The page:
02-21-2023 05:20 AM
I run into low-quality indoor fluorescent lighting all the time and they're either skewing green or magenta.
I've found that if I have to shoot a talking head (or similar) under those lights I'll block out the light directly spilling onto the subject (using gaff tape or a cutter), let the space be lit by the indoor lights (usually 4400k in the US), and key the subject with a bi-color 4400k light and tweak the G-R value to match.
This is just one simple example of something we run into all the time. There are infinite problems we solve.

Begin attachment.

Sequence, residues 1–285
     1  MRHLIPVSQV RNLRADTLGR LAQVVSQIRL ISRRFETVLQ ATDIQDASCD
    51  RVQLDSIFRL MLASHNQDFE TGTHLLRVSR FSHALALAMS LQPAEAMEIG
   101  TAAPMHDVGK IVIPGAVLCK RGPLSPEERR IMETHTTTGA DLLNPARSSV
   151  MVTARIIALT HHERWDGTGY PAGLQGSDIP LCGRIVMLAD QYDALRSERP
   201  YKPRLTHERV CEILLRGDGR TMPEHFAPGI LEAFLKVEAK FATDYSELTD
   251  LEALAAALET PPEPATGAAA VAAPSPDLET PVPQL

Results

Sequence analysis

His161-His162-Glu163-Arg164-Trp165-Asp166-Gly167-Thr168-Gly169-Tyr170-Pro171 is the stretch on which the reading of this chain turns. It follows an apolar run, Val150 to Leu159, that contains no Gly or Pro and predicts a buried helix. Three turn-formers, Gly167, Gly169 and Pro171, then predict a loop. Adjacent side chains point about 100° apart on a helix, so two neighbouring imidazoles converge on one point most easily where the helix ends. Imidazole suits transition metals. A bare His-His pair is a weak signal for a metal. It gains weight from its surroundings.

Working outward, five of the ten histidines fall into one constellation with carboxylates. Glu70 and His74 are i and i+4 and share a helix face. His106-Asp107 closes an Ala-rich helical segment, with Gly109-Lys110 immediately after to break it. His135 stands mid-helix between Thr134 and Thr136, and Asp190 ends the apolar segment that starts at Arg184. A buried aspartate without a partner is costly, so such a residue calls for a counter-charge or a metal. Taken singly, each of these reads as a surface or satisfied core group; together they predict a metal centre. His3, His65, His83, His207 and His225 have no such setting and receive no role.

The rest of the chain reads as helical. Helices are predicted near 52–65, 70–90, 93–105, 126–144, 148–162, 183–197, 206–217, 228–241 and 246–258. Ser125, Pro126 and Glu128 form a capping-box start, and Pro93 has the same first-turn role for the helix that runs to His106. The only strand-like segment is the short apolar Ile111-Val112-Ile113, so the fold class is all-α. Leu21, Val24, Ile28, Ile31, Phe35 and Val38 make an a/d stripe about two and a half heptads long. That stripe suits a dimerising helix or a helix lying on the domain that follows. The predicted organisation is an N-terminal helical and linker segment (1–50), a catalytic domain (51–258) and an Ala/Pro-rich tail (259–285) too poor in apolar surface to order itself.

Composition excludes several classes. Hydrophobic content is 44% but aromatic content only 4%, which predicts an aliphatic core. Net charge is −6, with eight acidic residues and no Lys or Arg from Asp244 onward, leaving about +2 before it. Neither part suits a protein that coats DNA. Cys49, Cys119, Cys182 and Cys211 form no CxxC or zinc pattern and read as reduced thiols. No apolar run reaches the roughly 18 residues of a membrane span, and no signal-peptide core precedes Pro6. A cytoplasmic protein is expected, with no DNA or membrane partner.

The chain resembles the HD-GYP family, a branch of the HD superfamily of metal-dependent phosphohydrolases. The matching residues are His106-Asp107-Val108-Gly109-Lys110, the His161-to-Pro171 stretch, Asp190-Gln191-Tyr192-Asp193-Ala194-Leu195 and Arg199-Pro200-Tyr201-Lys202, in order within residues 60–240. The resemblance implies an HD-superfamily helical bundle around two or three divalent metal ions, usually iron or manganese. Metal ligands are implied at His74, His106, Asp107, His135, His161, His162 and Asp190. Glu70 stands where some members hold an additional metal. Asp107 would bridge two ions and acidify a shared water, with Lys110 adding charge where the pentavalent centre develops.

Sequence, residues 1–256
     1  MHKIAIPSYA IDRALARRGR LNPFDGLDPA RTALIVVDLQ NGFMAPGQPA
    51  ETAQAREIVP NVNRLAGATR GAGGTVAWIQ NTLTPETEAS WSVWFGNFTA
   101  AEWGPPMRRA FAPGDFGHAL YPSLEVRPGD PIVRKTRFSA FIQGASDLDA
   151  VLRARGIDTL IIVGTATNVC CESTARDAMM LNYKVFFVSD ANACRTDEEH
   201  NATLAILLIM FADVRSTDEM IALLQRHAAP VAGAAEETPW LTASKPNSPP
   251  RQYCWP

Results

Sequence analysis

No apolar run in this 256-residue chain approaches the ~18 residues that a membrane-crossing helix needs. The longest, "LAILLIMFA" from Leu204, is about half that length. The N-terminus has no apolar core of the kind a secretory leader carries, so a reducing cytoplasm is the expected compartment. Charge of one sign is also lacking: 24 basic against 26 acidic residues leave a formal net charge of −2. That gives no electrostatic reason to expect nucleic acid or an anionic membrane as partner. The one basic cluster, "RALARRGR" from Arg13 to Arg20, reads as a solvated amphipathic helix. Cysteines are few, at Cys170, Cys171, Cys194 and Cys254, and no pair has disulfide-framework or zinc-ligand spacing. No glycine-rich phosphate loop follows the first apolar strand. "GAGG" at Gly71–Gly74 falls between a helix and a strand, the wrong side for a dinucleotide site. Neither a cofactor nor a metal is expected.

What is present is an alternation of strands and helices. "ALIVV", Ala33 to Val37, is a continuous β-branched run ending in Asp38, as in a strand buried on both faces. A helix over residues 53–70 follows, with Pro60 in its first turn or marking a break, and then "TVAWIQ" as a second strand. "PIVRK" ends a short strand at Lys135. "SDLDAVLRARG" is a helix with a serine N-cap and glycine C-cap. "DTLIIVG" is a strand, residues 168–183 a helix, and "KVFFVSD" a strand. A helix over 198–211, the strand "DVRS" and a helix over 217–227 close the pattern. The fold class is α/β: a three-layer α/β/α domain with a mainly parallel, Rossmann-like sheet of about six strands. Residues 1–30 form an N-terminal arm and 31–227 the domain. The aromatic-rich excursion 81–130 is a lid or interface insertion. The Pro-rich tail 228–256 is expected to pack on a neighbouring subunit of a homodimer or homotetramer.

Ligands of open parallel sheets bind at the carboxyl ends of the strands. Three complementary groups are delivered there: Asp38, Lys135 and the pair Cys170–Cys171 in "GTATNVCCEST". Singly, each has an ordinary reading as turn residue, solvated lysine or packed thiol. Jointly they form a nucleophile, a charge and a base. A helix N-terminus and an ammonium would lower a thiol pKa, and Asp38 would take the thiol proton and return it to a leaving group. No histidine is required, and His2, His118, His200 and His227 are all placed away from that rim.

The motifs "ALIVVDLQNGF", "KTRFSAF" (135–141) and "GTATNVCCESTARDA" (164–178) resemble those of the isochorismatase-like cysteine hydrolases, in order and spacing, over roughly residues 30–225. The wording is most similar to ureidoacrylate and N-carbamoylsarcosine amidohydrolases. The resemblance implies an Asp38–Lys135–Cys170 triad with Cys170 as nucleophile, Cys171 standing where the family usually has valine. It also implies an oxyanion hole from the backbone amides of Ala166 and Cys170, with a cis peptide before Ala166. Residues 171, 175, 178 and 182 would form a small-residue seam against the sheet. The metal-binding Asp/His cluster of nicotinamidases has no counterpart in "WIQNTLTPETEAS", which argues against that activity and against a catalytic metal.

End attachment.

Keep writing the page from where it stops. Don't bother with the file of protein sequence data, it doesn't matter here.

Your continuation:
Note for the picture below: The can lights are tungsten and the background is daylight. We couldn't turn anything off. The same theory stands. In this case, I set WB for the background as it made up most of the image and set a pleasing warm interior. I then set the key to about 4800k for a nice warm key.
4 weeks ago
Don't forget as well that camera like the FX9/FS7 and many others have a special colour matrix called "FL-Light" that can be used under fluorescent lighting to eliminate the green bias without affecting the tint or hue.
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